Richard D. Malin & Associates: Technical Library

DECK SAFETY

More than a million decks are built and replaced each year in the United States. While decks are a popular feature of many homes, the unsafe construction of decks has become a real concern within the building industry due to the number of deck failures and related injuries and deaths. Most experts agree that the average life expectancy of a deck is 10 to 15 years. Since deck building began in earnest over 30 years ago, there are many existing decks that are past their safety life. Like a house or any other building, a deck must be designed to support the weight of people and objects placed on them as well as lateral and uplift loads as a result of wind or seismic activity.

MAINTENANCE OF EXISTING DECKS: It is important that decks are properly inspected and maintained on a routine basis. If unsure, it is best to consult with a professional, such as a structural engineer or reputable contractor, to make sure the deck is safe. Here are some areas to check when inspecting the safety of an existing deck:

Missing, loose, or corroding connections can compromise the safety of the deck. Toe nailing (see glossary) does not constitute a proper connection. Issues such as wobbly railings, loose stairs, and ledgers that appear to be pulling away from the house are all cause for concern. Metal connectors and fasteners can corrode over time, especially if a product with insufficient corrosion resistance was installed. Wood rot and cracks: Wood can rot over time with exposure to the elements, and with sufficient rot the deck frame may no longer be able to safely support the deck. As wood ages, it is common for cracks to develop, and large or excessive cracking can weaken a deck as well.

DESIGN / INSTALLATION GUIDELINES: It is important that an engineer or other qualified professional evaluate the design of a deck to determine the specific number of fasteners and their spacing for any specific deck installation. Here are some areas to consider with your builder:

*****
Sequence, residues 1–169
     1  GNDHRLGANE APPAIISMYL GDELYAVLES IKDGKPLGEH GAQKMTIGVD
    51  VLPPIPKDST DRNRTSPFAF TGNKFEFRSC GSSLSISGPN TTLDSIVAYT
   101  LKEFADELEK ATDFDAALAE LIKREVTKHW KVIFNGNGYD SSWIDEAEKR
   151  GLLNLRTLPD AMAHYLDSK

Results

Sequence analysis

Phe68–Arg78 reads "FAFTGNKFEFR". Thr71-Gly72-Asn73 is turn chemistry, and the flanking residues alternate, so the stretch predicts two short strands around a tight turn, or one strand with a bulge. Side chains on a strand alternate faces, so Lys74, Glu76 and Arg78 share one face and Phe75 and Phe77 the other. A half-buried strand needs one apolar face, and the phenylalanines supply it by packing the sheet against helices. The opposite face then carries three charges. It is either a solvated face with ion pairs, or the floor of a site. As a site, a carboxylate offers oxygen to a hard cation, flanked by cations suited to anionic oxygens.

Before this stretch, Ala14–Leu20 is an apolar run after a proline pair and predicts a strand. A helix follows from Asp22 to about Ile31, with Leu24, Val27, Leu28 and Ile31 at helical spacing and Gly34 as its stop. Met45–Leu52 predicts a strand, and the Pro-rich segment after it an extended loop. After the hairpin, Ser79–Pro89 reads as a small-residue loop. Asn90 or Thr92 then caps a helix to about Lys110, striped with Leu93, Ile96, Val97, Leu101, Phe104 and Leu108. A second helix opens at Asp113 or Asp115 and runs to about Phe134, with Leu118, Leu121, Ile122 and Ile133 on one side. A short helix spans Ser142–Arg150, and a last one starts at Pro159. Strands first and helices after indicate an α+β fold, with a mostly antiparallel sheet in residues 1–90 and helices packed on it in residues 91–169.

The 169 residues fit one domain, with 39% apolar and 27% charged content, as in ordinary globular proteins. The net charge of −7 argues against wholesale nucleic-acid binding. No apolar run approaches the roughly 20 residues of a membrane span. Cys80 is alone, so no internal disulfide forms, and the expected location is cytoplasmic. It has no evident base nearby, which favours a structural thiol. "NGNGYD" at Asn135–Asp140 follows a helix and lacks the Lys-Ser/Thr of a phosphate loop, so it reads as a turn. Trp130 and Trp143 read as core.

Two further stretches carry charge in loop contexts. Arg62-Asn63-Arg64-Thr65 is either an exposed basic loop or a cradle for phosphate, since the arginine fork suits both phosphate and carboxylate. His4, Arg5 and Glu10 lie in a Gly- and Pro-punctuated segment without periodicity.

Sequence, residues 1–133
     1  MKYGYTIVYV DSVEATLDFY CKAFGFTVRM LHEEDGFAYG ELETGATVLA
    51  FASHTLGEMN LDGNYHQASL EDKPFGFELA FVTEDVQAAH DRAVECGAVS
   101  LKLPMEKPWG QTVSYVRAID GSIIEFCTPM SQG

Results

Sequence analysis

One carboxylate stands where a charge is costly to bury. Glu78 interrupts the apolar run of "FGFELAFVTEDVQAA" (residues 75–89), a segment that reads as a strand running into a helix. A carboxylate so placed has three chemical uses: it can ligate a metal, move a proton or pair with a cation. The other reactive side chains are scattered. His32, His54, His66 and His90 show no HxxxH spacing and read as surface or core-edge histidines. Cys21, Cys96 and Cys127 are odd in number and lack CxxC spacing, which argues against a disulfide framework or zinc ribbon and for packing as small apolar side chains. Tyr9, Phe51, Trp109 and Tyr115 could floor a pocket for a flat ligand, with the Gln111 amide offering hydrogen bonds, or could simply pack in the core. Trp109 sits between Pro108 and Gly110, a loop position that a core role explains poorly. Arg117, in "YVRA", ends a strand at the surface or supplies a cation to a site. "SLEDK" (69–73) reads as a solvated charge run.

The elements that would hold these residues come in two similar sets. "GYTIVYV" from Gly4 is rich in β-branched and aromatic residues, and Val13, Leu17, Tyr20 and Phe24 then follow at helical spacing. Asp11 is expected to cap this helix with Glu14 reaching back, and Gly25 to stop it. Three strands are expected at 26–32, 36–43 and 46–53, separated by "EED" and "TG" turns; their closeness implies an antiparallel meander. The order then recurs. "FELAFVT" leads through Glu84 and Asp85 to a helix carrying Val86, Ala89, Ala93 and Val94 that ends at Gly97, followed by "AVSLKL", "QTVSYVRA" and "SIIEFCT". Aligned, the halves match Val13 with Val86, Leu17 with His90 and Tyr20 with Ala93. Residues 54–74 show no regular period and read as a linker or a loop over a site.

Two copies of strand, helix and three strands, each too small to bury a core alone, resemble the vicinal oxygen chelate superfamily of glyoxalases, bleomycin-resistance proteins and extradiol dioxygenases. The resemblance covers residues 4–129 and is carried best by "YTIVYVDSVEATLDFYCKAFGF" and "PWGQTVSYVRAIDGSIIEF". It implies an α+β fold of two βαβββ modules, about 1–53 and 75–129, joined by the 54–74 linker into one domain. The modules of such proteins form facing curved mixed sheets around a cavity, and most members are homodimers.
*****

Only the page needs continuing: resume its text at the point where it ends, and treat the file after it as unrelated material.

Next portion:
LEDGERS: (See Glossary) Correct ledger attachment is crucial when building a deck that is attached to another structure. One of the most common causes for deck failure is ledgers that pull away from the primary structure, resulting in complete collapse. The two most common ways to correctly attach a ledger to a structure are lag screws or through-bolts through the ledger and into the rim joist of the supporting structure. Ledger must not be installed over siding or stucco but directly to the rim joist, stud, or sheathing.

POSTS, COLUMNS, FOOTINGS: (See Glossary) In order for posts to properly resist various types of loads, they must rest on and be anchored to concrete footings. Patios and pre-cast concrete piers do not qualify as proper footings for deck construction. Footings should be at least 12”" below the undisturbed ground surface, and should be a minimum width of 12". Columns should be restrained to prevent lateral displacement at the bottom end. Wood columns should not be less in size than 4"” X 4”". Column and post-end connections should be fastened to resist wind. Wood Columns should be of an approved wood with natural decay resistance or approved preservative-treated wood.

JOISTS, BEAMS, GIRDERS: (See Glossary) When joists terminate into a beam or ledger, a connection is required to provide bearing and must be able to resist uplift. At the point where the joist bears on top of a beam, there must be a connection to resist lateral and uplift forces. Blocking or framing is also required thus preventing overturning of the joists. Joists must be supported laterally at the ends by solid blocking or attachment to a full depth header, band or rim joist. Lateral restraint must be provided at each support

RAILING POST-TO-DECK FRAMING: (See Glossary) The railing connection is one of the more critical connections pertaining to safety, and it is often inadequately constructed. The post must not only be fastened to the rim joist, but also tied back into the joist framing. Machine bolts through the post and rim joist alone do not typically meet the performance requirements of the code. Guards should be located along open-sided walking surfaces more than 30’" above ground below and be a minimum of 36" high.” Handrail and guards should be able to resist a single concentrated load of 200 pounds applied in any direction at any point.

STAIR STRINGERS & TREADS: (See Glossary) Stair stringers must be connected to the deck, and treads properly connected to the stringers in order to resist loads. Staircases must be able to resist 40 pounds per square foot of tread area. Individual stair treads should be able to resist a 300 pound concentrated load over an area of 4 square inches. The openings formed by the riser, tread and bottom rail of the guard at the open side of the stairway should be 6" high at a maximum.

 Richard D. Malin & Associates, Inc.   2018